Addressing 2019’s lingering challenges

Matt Hutcheson

By Matt Hutcheson, CCA, Product Manager, Seed Consultants, Inc.

Following a wet growing season in 2019, some of the issues facing growers in 2020 are lingering from the previous growing season.

Due to the excessively wet weather in the spring of 2019, many fields have compaction that will impact crop development and yields for years to come. Growers should alleviate compaction when conditions allow. Tillage should be performed only when soil conditions are favorable. Tillage under wet or “marginal” conditions will only make compaction problems worse. Compaction is a huge yield killer, as Randall Reeder and Alan Sundermeier wrote in a recent C.O.R.N. Newsletter: “Years of OSU Extension research on Hoytville silty clay loam showed that through compaction, 10% to 15% of the potential crop yield was being left in the field.” Farmers should plan to alleviate compaction when possible and avoid traffic on wet soil this spring.

Weed control in soybeans will continue to be a challenge between herbicide tolerant weeds and the plethora of soybean herbicide traits available to growers. Producers should focus on choosing high yielding varieties with solid defensive characteristics in combination with a herbicide trait that allows them to achieve effective control of weeds. For effective weed control, university experts recommend starting with a weed free field, use of effective burndowns, as well as residual herbicides. Although there are some herbicides that are very effective at controlling problem weeds, a program approach must be used to allow for continued efficacy and to hinder the development of herbicide resistance in weeds.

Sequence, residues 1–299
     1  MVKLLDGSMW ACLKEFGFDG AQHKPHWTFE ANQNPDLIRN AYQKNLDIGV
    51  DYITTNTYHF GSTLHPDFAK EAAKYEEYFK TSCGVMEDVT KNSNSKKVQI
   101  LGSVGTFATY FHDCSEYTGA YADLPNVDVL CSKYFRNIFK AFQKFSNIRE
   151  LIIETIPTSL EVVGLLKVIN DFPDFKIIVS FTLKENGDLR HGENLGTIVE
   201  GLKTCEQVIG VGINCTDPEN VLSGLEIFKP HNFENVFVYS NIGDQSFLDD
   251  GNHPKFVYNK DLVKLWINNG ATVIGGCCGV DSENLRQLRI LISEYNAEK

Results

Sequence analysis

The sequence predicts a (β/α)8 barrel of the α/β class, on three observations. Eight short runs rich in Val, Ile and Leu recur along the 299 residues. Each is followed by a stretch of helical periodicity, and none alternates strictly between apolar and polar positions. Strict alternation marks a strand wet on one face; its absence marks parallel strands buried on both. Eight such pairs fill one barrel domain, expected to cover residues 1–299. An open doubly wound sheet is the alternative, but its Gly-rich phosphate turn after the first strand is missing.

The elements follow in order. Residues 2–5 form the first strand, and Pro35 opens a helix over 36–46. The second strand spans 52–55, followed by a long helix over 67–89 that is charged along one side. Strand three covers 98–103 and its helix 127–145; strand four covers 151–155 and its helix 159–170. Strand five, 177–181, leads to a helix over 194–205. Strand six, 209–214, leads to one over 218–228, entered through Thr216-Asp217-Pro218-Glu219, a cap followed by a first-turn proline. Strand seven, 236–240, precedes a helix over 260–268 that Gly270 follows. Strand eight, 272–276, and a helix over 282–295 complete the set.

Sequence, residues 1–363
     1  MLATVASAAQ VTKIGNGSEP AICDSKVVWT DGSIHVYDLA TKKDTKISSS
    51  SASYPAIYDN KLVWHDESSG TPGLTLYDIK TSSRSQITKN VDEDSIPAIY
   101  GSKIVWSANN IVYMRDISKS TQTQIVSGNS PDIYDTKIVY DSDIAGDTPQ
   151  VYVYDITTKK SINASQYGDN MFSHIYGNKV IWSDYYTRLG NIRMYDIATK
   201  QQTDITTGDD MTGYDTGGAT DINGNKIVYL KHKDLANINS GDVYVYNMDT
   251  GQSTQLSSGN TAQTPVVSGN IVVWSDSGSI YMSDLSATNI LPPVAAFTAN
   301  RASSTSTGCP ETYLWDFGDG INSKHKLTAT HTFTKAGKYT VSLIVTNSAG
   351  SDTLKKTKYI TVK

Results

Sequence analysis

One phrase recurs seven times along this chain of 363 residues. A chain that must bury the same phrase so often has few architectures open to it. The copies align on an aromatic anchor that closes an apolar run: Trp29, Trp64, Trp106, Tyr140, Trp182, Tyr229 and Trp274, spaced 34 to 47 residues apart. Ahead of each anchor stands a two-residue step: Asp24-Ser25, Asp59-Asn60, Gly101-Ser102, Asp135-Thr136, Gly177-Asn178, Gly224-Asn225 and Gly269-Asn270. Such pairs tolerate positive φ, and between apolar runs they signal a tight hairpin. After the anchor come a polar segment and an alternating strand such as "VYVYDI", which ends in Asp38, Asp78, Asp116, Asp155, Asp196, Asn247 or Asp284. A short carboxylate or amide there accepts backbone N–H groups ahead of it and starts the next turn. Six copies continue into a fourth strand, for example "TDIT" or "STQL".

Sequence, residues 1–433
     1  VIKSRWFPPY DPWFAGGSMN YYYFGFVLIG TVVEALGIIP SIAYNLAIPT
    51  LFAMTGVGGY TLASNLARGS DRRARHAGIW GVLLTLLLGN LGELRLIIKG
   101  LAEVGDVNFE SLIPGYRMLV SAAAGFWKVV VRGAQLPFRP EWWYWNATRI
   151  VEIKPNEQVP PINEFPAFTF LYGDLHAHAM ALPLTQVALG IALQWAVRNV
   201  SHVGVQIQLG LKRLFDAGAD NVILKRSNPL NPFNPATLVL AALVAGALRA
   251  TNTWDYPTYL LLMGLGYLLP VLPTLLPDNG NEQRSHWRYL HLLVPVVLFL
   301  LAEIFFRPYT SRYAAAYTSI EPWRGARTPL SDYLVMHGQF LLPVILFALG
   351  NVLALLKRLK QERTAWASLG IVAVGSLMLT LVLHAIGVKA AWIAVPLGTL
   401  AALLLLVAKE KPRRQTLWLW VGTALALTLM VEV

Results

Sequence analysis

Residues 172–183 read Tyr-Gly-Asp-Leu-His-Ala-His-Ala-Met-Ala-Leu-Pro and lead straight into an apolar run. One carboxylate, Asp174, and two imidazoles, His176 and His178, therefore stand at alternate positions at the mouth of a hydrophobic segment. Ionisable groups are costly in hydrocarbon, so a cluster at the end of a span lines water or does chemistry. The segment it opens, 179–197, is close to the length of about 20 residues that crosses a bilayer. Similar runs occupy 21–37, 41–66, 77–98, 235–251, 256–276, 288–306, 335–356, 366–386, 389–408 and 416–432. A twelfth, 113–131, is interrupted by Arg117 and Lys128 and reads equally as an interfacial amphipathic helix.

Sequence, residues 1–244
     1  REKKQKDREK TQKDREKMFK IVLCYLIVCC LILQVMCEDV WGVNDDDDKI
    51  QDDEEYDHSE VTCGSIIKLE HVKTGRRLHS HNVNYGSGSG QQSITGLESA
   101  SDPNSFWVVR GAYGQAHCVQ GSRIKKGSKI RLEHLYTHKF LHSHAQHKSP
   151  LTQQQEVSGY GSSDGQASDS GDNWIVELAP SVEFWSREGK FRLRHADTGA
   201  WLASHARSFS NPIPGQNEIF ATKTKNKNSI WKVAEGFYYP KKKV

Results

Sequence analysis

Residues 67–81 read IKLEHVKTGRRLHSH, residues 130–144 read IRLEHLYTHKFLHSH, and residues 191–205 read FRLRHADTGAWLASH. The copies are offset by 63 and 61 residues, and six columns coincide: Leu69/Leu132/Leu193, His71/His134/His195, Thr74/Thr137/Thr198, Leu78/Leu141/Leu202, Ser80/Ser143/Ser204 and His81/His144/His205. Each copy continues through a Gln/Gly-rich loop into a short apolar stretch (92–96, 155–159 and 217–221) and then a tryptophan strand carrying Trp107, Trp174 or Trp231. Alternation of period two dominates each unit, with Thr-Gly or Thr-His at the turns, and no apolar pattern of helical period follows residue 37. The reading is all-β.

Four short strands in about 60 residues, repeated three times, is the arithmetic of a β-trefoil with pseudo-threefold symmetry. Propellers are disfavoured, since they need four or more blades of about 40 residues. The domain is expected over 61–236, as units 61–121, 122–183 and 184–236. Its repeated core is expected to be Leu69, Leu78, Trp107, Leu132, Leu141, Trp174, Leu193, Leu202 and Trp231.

One lesson we learned during the wet spring of 2019 was the importance of being prepared to go to the field early and building flexibility into management plans. Over the last several years we have seen a pattern of extremely wet and unpredictable spring weather. The key to a successful planting season is being ready to head to the field when soil and weather conditions allow. One source of additional delays in a wet spring can be herbicides applied in a burndown with plant-back restrictions. Growers should consider what herbicides they plan on using and be ready to make changes if necessary. Choosing soybean herbicide traits that allow for an effective burndown and flexibility in planting timing will minimize planting delays this spring.

With all the field work that needs to be done in the spring, it is always important to keep field conditions in mind. With compaction from spring of 2019 lingering, farmers must avoid performing field work in wet soils and creating additional compaction. Research has proven that early planting is one management practice that leads to increased yields. Although planting early is important, it is just one of many factors that affect yield. Planting early favors high yields but does not guarantee them.

“Mudding-in” seed early to beat a certain date on the calendar will almost always guarantee problems throughout the growing season. To avoid problems such as compaction, poor emergence, poor root development, and replant, growers should only plant early if field and weather conditions are conducive to adequate seed germination and plant growth. Planting should only occur when soil is dry enough to avoid compaction and soil temperatures are 50 degrees F or higher. This will ensure that the best possible conditions for germination and stand establishment exist.

No matter what challenges arise during the 2020 growing season, the successful grower will be the one who observes what is happening in the field, keeps up to date on important agronomic information, and makes timely and sound decisions based on that information.


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